While Aldo Leopold had a knack of shooting bulls-eyes with his words, he was not rigid. Over time, his thinking evolved and changed. He grew up in the era of market hunting, and saw first-hand the near destruction of the buffalo and the extinction of the passenger pigeon, as well as lived through the Dust Bowl. He once predicted that sandhill and whooping cranes would follow the passenger pigeon, but as he knew before he died in 1948, both species of cranes have recovered.
When he graduated from Yale Forestry School in 1909, his first job was with the U.S. Forest Service in the Apache National Forest of Arizona, where among his responsibilities was predator control–shooting wolves, coyotes, bears, and mountain lions to allow big game herds to increase.
One day, he and some friends were out and came upon a wolf pack–Mexican wolves. Immediately they began shooting. One wolf went down but was not dead. Approaching the wounded animal to administer the final shot, he looked at the old she-wolf and watched “a green fire dying in her eyes. I realized then, and have known ever since, that there was something new to me in those eyes–something known to her and the mountain.”
“Green fire” has become a concept that people identify with Leopold’s works, such as the title for this film, which spends some time on the reintroduction of the Mexican wolf to New Mexico and Arizona. The film does acknowledge the Mexican wolf reintroduction is controversial, but my only criticism of the film was that it had included Aldo’s ultimate thinking about predator management.While he never changed his mind about his mistake of the policy of eliminating all predators, in 1933, Leopold, as the first professor of wildlife management in the world, wrote the following in his textbook Game Management (the first college wildlife management text that remains in use by many colleges today) in the chapter on “Predator Control:”
Predatory animals directly affect four kinds of people: (1) agriculturists, (2) game managers and sportsmen, (3) students of natural history, and (4) the fur industry. There is a certain degree of natural and inevitable conflict of interest among these groups. Each tends to assume that its interest is paramount. Some students of natural history want no predator control at all, while many hunters and farmers want as much as they can get up to complete eradication. Both extremes are biologically unsound and economically impossible. The real question is one of determining and practicing such kind and degree of control as comes nearest to the interests of all four groups in the long run.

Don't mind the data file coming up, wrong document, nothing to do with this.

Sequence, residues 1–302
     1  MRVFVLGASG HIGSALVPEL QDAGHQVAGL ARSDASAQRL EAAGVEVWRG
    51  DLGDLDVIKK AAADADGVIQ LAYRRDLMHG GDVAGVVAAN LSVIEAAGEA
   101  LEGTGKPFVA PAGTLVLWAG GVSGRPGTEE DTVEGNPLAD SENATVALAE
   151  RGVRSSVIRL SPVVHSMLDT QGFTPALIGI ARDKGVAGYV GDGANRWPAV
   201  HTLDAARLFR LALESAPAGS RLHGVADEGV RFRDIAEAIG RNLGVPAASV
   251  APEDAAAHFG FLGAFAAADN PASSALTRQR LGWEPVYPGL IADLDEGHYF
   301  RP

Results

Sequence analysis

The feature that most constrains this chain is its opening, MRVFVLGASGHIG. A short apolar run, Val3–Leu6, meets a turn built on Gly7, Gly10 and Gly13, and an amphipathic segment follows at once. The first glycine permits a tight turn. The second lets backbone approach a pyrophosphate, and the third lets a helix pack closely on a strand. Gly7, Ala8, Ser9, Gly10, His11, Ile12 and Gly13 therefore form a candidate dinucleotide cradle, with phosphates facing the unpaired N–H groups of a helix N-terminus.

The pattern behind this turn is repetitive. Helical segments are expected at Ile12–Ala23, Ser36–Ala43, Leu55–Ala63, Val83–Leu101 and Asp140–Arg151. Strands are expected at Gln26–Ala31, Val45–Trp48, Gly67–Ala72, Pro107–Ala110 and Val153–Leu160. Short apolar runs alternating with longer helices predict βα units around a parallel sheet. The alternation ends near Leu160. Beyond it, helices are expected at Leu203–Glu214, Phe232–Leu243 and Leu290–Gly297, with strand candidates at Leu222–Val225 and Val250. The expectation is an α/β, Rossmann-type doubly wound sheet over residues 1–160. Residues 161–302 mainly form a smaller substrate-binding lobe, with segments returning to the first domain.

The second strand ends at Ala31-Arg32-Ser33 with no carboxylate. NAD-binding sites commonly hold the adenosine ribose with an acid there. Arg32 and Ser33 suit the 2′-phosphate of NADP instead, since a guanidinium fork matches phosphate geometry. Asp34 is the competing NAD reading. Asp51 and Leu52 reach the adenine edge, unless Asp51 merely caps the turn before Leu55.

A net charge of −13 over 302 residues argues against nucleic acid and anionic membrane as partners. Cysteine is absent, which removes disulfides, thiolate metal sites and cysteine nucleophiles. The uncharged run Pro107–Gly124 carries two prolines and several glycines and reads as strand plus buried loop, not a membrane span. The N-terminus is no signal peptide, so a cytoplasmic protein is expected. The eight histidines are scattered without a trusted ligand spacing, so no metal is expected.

Most importantly, decades before it became a common term in wildlife management, Aldo Leopold was saying that when people and wild animals come together, management requires two kinds of carrying capacities: a biological carrying capacity and a social carrying capacity. In terms of wildlife management, perhaps this wisdom is his most important gift to management. It surely relates to wolves today.
Aldo Leopold died in 1948, just days after he received notice from Oxford University Press that A Sand County Almanac had been accepted for publication by Oxford University Press. He passed away from a heart attack as he was helping a neighbor near the shack fight a grass fire.
The film concludes with two stories that brought tears to my eyes. The first is a beautiful story about sandhill cranes flocking to the Leopold Wetland Management District in Wisconsin.
The second is the growing movement to honor Aldo Leopold by annual public readings of A Sand County Almanac. In Wisconsin, they have been doing this in early March for eight years. And like the thousands of trees that the Leopold family planted around the shack and that are doing well today, the readings are growing in size and numbers. In a time when so much environmentalism is gloom, doom, guilt, animosity, and fear, it’s so refreshing to see that people are remembering, with Aldo Leopold’s help, that the love for nature is the most powerful force for conservation.
So, check for time and dates for PBS showings of Green Fire this month, and if you want to buy a DVD of Green Fire and/or a copies of A Sand County Almanac and many other books and items about Aldo Leopold, you can get them through the Aldo Leopold Foundation.
All images courtesy Aldo Leopold Foundation